Frequency response (at 2 meters)
• left/right 61 Hz to 20 kHz ±4.3 dB
• center 78 Hz to 20 kHz ±5.1 dB
• satellite 87 Hz to 20 kHz ±7.1 dB
• subwoofer 28 to 94 Hz ±3 dB
Sensitivity (SPL at 1 meter with 2.8 volts of pink-noise input)
• left/right 88 dB
• center 85 dB
• satellite 83 dB
• left/right 3.3/6 ohms
• center 3.6/7 ohms
• satellite 5.3/11 ohms
Bass output, subwoofer (CEA-2010 standard)
• Ultra-low bass (20-31.5 Hz): 86.7 dB
• Low bass (40-63 Hz): 104.4 dB
• left/right 50 Hz at 86 dB
• center 63 Hz at 84 dB
• satellite 80 Hz at 80 dB
I measured the Verus Forte Tower, Verus Forte Center Channel, and Verus Forte Satellite at a distance of 2 meters in order to incorporate the effects of cabinet diffraction. The center and satellite speakers sat atop a 6-foot stand to give quasi-anechoic results down to 240 Hz. The tower speaker stood atop my measurement turntable, about 2 inches off the ground.
The curves in the graph show an averaged response from 0° to 30°, smoothed to 1/12th of an octave. I close-miked the woofers and ports of all the speakers, then scaled and summed the results to get each speaker’s bass response. I then spliced the bass responses to the averaged quasi-anechoic responses to produce the curves you see here. To measure the subwoofer’s frequency response, I close-miked its active woofer and passive radiators, summed their responses, and confirmed these results using a ground-plane measurement. The tower, center, and satellite speakers’ responses are normalized to 0 dB at 1 kHz, the subwoofer normalized so that its peak response shows as +3 dB.
The Verus Forte Tower’s frequency response measures pretty well; if you exclude the rolloff in the upper treble above 17.3 kHz, the response is ±3.0 dB, and that’s a pretty darned smooth midrange. Off-axis response is nearly perfect, with nothing more than a smooth and gradual treble rolloff at 45° and 60°. It has clean bass output down to 50 Hz, where it hits 86 dB at 1 meter. That’s not super-deep, but remember, this is a rather tiny tower speaker.
As with the tower, the Verus Forte Center’s frequency response measures pretty well if you exclude the upper treble rolloff. Response up to 18.5 kHz measures ±3.9 dB. Off-axis response is very good, with just a smooth treble rolloff at 45° and a –4-dB notch appearing between 6.5 kHz and 11 kHz at 60°. Bass output is an ample 84 dB at 1 meter at 63 Hz — plenty enough for a center speaker.
The Verus Forte Satellite’s frequency response looks a little dicey by the numbers, but again, that’s due mainly to a big treble rolloff above 16 kHz. With that rolloff excluded, frequency response measures ±4.8 dB. As expected from a concentric design, off-axis response is great, with smooth treble rolloff at 45° and 60° and no off-axis anomalies. There’s solid bass output of 80 dB at 1 meter at 80 Hz, and even some output at 63 Hz, although it’s about 12 dB down at that point.
Impedance of the Verus speakers won’t present problems for even a low-cost A/V receiver. The Verus Forte Tower’s impedance drops to a low of 3.3 ohms at 190 Hz, but the phase angle at that frequency is mild at –19° and impedance generally runs about 6 ohms. The Verus Forte Center looks similar, presenting the toughest load at 125 Hz, with 3.6 ohms and –23° phase shift; nominal impedance is about 7 ohms. Impedance of the Verus Forte Satellite runs surprisingly high at 11 ohms nominal; the low point is 5.3 ohms at 270 Hz with –2° phase shift.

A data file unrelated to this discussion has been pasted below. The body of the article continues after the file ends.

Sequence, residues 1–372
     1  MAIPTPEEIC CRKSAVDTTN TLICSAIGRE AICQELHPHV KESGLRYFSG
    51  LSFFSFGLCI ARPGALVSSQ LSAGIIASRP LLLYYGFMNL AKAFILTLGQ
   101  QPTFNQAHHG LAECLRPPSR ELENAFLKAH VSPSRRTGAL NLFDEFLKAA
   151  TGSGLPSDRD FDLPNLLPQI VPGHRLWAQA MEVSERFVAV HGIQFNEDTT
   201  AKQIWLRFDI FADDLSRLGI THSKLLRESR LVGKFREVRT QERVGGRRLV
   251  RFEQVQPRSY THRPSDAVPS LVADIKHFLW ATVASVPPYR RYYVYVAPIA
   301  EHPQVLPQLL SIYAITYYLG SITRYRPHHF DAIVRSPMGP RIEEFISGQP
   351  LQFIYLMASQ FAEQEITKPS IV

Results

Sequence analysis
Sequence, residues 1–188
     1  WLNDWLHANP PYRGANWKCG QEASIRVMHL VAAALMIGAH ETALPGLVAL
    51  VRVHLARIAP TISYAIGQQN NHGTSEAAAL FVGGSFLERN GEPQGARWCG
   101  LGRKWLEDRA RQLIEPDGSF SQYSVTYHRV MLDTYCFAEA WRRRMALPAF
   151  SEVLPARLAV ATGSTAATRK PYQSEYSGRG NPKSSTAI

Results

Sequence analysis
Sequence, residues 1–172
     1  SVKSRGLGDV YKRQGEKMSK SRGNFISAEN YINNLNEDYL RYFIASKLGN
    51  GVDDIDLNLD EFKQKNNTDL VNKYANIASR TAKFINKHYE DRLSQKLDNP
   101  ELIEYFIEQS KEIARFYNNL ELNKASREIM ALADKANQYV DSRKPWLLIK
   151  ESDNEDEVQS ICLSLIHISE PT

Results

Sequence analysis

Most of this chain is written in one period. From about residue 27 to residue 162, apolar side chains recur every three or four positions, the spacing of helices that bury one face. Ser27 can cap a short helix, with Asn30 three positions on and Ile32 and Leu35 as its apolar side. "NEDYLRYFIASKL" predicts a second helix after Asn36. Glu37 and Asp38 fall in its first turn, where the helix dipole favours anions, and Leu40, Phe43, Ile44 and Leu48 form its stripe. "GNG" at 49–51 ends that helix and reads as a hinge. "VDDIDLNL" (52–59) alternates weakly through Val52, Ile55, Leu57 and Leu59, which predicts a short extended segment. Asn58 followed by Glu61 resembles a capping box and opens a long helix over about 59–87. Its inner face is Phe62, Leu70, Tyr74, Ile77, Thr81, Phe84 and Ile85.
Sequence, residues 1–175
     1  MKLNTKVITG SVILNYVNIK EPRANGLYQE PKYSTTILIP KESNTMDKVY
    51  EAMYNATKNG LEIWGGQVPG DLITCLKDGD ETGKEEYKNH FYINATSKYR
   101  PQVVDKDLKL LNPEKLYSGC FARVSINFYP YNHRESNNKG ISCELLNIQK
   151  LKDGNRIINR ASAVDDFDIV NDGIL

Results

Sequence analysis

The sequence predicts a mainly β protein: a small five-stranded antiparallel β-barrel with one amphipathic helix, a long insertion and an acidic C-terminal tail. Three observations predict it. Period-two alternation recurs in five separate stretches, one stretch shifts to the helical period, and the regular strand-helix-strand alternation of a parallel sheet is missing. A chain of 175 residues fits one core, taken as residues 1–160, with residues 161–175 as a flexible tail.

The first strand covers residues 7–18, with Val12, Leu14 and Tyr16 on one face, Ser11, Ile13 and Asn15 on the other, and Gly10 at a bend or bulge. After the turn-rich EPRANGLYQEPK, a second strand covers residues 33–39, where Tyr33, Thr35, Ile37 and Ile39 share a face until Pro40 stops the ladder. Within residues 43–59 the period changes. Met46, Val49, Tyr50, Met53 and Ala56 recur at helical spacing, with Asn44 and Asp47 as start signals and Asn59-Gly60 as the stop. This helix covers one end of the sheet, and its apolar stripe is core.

However, sensitivity runs a little low for the center and satellite speakers — especially in the Verus Forte Satellite, which delivers just 83 dB at 1 watt/1 meter. That’s not a big cause for alarm with most systems, but the satellite isn’t the kind of speaker you’d want to use with, say, a 30-watt-per-channel tube amp or desktop system.
The Bravus II 10D sub performs about as expected for its size and cost. Output is solid in the 2nd octave of bass (40-63 Hz), averaging 104.4 dB; a limiter prevents it from playing any louder in this octave. In the bottom octave (20-31.5 Hz), output is just okay, averaging 86.7 dB but dropping fast below 30 Hz. I was able to get measurable response at 20 Hz, where the 10D delivered 78.1 dB.
I tested the response of the sub’s internal parametric EQ by measuring the response with the EQ set for –6 dB at 40 Hz. The Narrow, Normal, and Wide Width (or Q) settings all had a measureable effect between 26 and 63 Hz. The difference is that the Narrow setting, as promised, produces a tighter “notch” at 40 Hz, while the Wide setting produced a broader dip; maximum difference between Narrow and Wide at 31 and 53 was about 4 dB, with the Normal setting falling roughly in the middle.
There’s one flaw in this subwoofer: It has what appears to be a fixed low-pass filter with a fixed –3-dB point of 94 Hz, with a combined acoustic/electronic rolloff of about 16 dB/octave. The manual suggests no way to defeat this filter. When combined with the low-pass filter on your receiver’s subwoofer output, the 10D’s filter could result in a sonic “hole” between your satellite speakers and the subwoofer, especially if you’re using it with speakers that require a higher subwoofer crossover point than the usual 80 Hz. This filter should be made defeatable or removed entirely since it’s not needed if you’re using an A/V receiver or surround sound processor. — Brent Butterworth
Other than the possibly tricky bass-balance sub-integration issue (and possibly confusing sub-setup menu structure), I mostly have only positive things to say about Aperion Audio’s Verus Forte speakers. This system is gorgeously finished, winningly compact, more-than-solid performing, and quite inexpensive given its looks, sound, and presentation. Aperion’s new family qualifies as a paragon of value-engineered audio.
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